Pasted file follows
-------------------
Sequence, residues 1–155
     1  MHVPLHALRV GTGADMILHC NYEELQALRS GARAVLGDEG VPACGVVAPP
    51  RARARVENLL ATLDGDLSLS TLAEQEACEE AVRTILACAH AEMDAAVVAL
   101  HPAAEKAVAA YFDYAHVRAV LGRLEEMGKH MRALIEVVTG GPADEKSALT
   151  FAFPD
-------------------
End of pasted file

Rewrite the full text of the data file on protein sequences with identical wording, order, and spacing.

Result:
Sequence, residues 1–155
     1  MHVPLHALRV GTGADMILHC NYEELQALRS GARAVLGDEG VPACGVVAPP
    51  RARARVENLL ATLDGDLSLS TLAEQEACEE AVRTILACAH AEMDAAVVAL
   101  HPAAEKAVAA YFDYAHVRAV LGRLEEMGKH MRALIEVVTG GPADEKSALT
   151  FAFPD